If the government accounted for its liabilities the same way most corporations have to, annual deficits, the national debt, and government spending as a percentage of GDP would be much higher. From Peter Diekmeyer at wolfstreet.com:
US federal government spending is expected to bloat to over $4.7 trillion during fiscal 2020, according to Congressional Budget Office data released this week. However, aggressive accounting may be hiding a far worse situation.
Total spending by the Trump Administration this fiscal year may be more than double what the non-partisan CBO admits. Worse, overall US federal, state and local government spending may exceed 60% of GDP.
So calculates a Chicago-based accounting watchdog. “Government budgeting works on a cash basis,” explains Sheila Weinberg, founder and CEO of Truth in Accounting. “That enables them to leave many of their expenses and liabilities off the books.” Weinberg, a CPA who has testified before Congress and the Federal Accounting Standards Advisory Board, has been calling out shifty government reporting for nearly two decades.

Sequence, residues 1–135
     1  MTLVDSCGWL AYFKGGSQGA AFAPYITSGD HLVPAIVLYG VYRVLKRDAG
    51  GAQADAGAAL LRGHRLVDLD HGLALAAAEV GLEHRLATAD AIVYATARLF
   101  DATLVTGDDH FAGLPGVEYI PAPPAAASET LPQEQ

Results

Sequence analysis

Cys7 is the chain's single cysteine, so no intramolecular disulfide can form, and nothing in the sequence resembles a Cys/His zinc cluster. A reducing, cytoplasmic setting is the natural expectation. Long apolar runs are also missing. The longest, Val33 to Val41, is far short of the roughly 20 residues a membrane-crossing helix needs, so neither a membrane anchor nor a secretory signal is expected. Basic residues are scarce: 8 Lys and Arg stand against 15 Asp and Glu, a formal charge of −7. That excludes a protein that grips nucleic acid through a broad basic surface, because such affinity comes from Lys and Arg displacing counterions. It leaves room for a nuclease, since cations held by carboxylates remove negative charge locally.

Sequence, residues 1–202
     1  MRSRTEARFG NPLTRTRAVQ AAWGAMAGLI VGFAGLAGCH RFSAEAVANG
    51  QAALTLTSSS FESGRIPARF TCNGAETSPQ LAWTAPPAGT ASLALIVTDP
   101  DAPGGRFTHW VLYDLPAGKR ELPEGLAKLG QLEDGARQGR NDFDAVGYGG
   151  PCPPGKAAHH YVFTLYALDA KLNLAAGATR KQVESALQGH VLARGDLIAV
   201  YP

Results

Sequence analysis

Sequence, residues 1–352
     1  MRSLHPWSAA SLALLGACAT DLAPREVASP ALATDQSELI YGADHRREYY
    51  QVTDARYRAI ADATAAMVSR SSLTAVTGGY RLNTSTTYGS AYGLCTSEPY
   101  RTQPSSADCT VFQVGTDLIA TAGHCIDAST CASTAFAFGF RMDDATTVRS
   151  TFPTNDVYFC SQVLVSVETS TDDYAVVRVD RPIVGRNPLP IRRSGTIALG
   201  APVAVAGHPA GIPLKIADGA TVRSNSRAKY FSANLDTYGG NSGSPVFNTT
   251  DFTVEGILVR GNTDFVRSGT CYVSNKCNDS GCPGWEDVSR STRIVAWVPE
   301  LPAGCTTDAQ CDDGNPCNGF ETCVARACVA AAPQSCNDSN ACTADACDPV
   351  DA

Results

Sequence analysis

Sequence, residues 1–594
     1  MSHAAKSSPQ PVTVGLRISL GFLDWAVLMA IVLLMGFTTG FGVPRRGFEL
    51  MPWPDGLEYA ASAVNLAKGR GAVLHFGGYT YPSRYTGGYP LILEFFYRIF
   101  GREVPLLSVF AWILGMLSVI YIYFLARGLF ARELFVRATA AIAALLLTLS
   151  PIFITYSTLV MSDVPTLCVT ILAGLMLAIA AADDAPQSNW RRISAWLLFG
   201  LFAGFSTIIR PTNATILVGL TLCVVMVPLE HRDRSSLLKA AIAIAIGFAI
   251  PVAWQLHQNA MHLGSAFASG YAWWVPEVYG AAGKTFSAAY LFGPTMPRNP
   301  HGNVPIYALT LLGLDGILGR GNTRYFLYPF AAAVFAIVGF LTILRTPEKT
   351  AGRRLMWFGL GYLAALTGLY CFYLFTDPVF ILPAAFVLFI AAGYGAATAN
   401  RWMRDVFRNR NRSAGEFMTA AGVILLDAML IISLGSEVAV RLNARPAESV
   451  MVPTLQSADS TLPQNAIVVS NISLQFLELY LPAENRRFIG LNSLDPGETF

“Truthful accounting is key for citizens, legislators and the press to understand public finances,” says Weinberg. “Without the right information, it’s hard—if not impossible—to make effective decisions about public policy.”
The scale of the laxness that Weinberg has uncovered is staggering. TIA data suggest that total US government debt currently tops $104 trillion when unfunded liabilities are included, nearly five times as high as the official figures suggest.
Weinberg isn’t alone. In Canada, Al Rosen, a forensic accountant and co-author of Easy Prey Investors , has long claimed that private sector investors are being “systematically swindled out of large amounts of retirement savings” due to inadequate reporting standards.
However, according to Laurence Kotlikoff, it’s governments that are setting the pace. Kotlikoff, an economics professor at Boston University, calculates that based on fiscal gap accounting, the US government owes $200 trillion more than it admits.
To continue reading: More Shifty Accounting: US Public Sector Spending May Exceed 60% of GDP